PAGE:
When I think of the forces at play in the world the idea of an enemy that wants only to see destruction reminds me of ultimate evil. Those that are making war could be viewed as it’s slaves, whichever side of this particular conflict they are on. Slaves, by their very nature cannot free themselves and have no rights and are bullied into doing whatever their master desires. I seem to have gotten far off track here and yet how can we understand what is going on wihout considering human nature and our condition. What is it inside human beings that predisposes us to war with each other and within ourselves? I am a Christian and when i think about that question I have come to accept what I read in the Bible. We have a predisposion towards rebellion against the One that made us. A disease that is so infectious that we actually cannot do anything that pleases God in any fibre of our being. No matter how hard we try, everything we do will be like refuse. We are slaves to sin. I believe that God has in mind to have a relationship with people but because of our rebellion we are disconnected from Him. Disconnection from the giver if Life and Peace, the One that embodies Love and Hope… What can this bring but death and destruction? So I think that what we see today is at the heart, a result of the basic diseased souls of people. I don’t believe there is a political solution because that is not the basic nature of the problem. I think that what is needed is for liberty to reign. Freedom from the predisposion towards inner self destruction, that always translates into outward destruction. But this kind of freedom cannot come without help. God knew this and so paid for our debts by sending us Jesus who willingly died and insodoing covered the cost of our debts. Jesus died and beat death by coming back to life so that we would not have to suffer death. The death of being severed from the source of Life, God. There is nothing we can do to deserve a restored relationship with Him. We cannot earn His love and affection. We cannot work for it. The only way we can enjoy a restored relationship with Him is to acknowledge our state and our destructive rebellion- our dependence on His sacrifice, our need of Him. We simply need to accept His gift which can free of from sin. He can then give us the Holy Spirit with whose help we can begin to stop being slaves and start to become the people God intended us to be.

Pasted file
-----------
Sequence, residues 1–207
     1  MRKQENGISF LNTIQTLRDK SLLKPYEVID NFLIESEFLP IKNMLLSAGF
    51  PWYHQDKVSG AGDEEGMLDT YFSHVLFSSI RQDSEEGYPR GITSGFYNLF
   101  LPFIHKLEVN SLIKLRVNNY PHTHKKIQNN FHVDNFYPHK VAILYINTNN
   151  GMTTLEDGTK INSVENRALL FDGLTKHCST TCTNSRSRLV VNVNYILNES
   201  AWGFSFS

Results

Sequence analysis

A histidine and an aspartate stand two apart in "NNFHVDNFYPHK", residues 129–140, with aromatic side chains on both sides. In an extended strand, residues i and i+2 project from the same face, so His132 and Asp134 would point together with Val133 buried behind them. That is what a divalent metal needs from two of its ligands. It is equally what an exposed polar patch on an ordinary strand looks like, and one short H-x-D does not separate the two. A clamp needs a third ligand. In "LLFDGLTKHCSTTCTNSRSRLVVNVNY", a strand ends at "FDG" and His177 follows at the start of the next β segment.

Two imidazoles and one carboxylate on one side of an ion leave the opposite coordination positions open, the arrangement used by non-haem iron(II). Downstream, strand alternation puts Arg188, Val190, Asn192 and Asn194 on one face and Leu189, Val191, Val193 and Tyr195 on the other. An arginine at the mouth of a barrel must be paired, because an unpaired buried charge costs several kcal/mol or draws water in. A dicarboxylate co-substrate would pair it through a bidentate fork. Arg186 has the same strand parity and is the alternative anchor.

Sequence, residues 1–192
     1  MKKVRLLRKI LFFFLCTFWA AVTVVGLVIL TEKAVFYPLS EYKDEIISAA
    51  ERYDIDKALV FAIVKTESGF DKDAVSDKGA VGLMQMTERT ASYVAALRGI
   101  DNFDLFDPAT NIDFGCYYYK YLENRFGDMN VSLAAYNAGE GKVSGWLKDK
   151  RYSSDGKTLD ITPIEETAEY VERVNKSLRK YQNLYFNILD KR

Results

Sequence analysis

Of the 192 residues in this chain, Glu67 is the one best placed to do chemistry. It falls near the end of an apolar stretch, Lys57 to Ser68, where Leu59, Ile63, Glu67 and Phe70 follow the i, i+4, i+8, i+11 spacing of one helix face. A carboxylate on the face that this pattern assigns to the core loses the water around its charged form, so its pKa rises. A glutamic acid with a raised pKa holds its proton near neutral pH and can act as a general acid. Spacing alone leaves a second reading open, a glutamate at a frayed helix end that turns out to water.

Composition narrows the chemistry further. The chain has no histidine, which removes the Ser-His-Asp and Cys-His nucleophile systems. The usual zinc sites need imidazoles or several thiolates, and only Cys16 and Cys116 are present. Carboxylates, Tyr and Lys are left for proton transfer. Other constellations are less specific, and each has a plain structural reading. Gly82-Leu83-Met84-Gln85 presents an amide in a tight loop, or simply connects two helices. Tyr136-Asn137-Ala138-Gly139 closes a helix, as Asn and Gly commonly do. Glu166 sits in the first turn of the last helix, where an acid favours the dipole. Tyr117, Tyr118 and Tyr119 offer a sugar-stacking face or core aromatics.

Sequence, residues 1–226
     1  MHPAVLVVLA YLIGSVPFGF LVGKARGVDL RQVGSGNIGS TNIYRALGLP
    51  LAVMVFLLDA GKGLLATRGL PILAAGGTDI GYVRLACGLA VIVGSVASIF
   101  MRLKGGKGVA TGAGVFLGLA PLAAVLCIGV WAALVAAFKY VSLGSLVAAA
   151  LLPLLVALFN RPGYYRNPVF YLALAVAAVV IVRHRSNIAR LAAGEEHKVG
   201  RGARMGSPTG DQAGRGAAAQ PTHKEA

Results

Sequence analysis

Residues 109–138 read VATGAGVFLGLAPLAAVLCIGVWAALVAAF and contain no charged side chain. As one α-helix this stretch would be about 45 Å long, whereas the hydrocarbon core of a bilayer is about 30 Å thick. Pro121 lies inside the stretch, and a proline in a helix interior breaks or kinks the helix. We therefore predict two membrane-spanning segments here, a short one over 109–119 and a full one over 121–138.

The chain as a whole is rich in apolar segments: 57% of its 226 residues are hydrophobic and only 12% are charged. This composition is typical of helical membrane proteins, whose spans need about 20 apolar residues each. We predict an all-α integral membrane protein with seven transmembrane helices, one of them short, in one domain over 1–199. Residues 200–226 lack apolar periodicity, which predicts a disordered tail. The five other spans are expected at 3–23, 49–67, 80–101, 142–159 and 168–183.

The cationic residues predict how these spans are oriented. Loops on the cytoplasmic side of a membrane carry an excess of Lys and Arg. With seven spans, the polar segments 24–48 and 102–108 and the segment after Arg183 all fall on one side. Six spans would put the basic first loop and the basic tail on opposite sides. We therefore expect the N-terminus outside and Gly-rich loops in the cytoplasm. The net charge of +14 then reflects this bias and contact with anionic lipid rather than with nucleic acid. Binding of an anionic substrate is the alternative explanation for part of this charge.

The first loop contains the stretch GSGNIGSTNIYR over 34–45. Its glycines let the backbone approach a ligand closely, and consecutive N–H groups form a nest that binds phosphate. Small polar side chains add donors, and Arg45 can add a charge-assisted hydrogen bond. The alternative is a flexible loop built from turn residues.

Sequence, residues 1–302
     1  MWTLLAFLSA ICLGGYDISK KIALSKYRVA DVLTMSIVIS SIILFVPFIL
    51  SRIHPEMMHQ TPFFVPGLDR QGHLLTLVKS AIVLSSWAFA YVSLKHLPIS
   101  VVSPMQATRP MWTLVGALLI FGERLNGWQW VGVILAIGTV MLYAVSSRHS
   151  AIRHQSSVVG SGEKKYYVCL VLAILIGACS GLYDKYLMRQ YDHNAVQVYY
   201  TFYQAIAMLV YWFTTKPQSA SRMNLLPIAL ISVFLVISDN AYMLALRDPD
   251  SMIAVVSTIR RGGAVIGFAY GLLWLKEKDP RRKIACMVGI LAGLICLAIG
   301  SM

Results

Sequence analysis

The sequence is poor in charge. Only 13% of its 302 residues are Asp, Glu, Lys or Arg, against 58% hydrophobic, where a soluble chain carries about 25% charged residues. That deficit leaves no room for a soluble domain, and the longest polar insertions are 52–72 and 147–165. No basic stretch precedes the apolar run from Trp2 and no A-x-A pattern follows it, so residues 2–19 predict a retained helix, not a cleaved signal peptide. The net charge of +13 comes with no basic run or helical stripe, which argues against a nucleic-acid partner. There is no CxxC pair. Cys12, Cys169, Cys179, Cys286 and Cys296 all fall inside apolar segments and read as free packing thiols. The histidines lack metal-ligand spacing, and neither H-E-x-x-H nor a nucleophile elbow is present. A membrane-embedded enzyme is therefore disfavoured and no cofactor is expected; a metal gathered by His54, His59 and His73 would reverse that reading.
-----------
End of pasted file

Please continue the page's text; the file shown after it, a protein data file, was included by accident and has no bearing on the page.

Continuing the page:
I’m not sure if this sounds simplistic. This is really what I think. I think the problems in the Middle East have very deep roots and are pervasive throuought all people. I don’t think that we human beings can fix these deep conflicts and we need outside help. The only One qualified is God because he knows us intimately, He loves us and created us. We need to turn to Him for help. But we wont do that – not everyone will anyway. The earth is going to continue to be a troubled place….

  10. 10 Green Earth October 1, 2006 at 11:27 am

    I feel nothing but sadness where I hear about such actions.

  11. 12 Josh January 25, 2008 at 3:31 am

    Great post. You may be interested in this too:

  1. 1 Age Ventures Trackback on July 23, 2006 at 6:17 am

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I no longer update this weblog due to academic and other preoccupations. However, feel free to browse through its older entries. Thanks.
This is a weblog where a journalism enthusiast Afghan student writes about hot contemporary issues from an Afghan perspective. Enjoy your visit! Contact: mail . myscribbles @ gmail . com